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What Are Facsimile Signatures?

Updated April 17, 2017

Time-Saver

Government institutions, universities and private companies allow their personnel to attain facsimile signatures. A company’s employee who works in the payroll department may sign many checks on a daily basis. Similarly, university professors go through many documents daily that need their signature. Additionally, government personnel and agents have many documents that require their signatures daily. Thus, using a stamp that carries the signature may save time and facilitate their affairs.

Mechanical or Electronic

Facsimile signatures are produced mechanically with rubber stamps, imprinting or engraving, and they also can be used electronically. For example, you may use the copy of your signature that you have saved electronically when signing letters or any documents that are on your computer.

Liability Questions

Private institutions such as banks and commercial companies may hold their customers liable in the case of an unauthorized use of a facsimile signature. Thus, when dealing with an organization that you will do business with on a regular basis -- such as your bank -- request another security check to go along with the facsimile signature. You may agree on a three-digit number password to be printed on top of the facsimile signature.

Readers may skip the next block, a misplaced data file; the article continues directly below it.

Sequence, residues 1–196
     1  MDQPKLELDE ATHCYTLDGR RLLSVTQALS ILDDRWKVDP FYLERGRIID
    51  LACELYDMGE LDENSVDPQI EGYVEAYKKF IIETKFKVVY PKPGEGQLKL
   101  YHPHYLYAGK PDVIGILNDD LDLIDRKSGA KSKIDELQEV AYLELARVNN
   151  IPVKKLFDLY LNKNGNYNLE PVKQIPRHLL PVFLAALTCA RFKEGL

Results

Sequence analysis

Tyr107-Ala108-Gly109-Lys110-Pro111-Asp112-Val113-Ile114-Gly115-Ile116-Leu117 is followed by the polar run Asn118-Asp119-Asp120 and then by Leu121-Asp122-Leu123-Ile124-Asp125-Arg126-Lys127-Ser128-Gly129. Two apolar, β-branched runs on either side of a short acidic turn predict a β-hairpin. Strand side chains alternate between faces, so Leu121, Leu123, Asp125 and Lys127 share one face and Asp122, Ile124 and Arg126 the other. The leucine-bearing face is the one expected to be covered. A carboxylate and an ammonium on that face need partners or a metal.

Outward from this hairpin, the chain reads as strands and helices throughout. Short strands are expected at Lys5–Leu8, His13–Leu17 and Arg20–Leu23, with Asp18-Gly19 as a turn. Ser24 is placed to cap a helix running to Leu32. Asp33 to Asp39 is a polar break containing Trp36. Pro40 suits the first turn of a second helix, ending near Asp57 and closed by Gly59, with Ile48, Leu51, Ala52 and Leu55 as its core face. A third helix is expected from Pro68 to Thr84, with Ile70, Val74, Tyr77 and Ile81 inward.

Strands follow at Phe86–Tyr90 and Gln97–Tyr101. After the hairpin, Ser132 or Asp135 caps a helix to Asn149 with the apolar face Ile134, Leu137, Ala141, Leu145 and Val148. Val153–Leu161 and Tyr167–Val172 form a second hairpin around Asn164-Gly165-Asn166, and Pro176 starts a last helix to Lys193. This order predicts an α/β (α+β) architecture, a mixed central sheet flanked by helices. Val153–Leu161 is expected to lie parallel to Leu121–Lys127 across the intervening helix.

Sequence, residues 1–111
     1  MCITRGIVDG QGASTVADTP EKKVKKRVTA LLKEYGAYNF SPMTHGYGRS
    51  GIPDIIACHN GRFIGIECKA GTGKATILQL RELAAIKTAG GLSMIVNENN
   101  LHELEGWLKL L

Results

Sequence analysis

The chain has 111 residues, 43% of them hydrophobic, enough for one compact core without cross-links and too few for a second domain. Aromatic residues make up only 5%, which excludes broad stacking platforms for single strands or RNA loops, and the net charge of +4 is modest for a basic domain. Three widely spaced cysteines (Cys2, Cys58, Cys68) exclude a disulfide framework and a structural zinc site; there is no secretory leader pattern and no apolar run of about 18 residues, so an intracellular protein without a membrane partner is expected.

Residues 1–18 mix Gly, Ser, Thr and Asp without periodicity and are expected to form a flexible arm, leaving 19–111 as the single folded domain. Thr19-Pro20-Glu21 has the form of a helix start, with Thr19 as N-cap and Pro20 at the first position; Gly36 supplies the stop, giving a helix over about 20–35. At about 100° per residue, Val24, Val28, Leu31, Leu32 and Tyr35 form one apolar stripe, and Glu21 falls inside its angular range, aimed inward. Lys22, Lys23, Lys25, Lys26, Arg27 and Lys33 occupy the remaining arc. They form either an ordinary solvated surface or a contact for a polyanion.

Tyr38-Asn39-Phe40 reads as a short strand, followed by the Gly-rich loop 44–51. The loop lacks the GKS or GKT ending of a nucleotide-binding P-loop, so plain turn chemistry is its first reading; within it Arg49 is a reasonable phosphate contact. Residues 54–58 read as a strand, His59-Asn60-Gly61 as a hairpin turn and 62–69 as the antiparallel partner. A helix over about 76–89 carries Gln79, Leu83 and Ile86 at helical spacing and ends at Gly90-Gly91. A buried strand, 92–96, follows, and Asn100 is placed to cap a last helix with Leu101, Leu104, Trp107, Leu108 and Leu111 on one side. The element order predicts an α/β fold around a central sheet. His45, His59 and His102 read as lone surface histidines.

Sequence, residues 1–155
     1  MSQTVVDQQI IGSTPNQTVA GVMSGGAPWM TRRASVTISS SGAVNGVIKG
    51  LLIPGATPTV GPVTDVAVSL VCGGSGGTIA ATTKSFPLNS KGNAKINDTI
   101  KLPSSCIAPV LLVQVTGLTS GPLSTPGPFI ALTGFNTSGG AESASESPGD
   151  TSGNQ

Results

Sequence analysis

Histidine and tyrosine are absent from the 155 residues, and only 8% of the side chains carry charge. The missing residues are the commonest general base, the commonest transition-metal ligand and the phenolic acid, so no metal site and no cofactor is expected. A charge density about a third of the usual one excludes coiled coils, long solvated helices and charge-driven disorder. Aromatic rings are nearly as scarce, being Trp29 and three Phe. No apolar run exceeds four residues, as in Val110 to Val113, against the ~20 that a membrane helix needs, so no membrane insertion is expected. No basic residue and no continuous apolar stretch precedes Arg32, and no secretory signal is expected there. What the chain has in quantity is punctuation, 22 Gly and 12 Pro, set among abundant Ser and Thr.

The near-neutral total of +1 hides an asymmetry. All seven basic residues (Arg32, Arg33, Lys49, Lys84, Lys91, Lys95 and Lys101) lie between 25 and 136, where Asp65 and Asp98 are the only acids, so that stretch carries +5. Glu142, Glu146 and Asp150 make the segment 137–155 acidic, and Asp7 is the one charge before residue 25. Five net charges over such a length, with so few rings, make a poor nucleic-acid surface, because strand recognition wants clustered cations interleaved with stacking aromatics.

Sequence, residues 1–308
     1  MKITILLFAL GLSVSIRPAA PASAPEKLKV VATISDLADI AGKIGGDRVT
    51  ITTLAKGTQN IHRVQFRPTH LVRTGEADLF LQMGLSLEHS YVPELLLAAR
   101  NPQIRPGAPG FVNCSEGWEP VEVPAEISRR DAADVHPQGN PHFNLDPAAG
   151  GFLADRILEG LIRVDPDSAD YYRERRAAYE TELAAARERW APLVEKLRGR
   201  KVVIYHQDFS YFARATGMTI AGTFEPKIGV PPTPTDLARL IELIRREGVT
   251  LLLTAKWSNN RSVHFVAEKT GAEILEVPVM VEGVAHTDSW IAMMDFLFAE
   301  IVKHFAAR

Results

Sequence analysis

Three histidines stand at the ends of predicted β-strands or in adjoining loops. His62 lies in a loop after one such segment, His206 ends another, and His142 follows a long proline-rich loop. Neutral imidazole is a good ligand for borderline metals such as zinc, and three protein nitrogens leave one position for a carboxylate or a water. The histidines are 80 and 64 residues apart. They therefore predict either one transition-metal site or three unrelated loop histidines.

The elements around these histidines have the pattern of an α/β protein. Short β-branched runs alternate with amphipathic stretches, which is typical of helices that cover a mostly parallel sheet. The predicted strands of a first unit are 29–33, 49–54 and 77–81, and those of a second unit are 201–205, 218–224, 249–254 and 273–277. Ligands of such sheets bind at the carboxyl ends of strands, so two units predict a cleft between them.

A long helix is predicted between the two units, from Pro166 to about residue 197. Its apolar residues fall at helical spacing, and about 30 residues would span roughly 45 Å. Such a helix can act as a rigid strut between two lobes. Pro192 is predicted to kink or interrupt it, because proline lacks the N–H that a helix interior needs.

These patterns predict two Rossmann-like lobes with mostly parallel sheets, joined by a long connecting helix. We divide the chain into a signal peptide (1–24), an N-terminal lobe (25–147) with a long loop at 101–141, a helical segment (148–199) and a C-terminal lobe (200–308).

Security Issues

Those who use facsimile signature must be keen on protecting themselves from fraud. You must secure a safe storage for your facsimile signature, whether the signature is on a stamp or saved electronically. In the case of a missing facsimile signature, report your facsimile signature stolen to the parties that you deal with immediately.

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About the Author

Adam Benks is a writer in Kitchener, Ontario, Canada. His articles specialize in food, travel, business and technology. Benks has published work for Merimex Corporation. He holds a college diploma in business administration and is currently working on his Bachelor of Arts.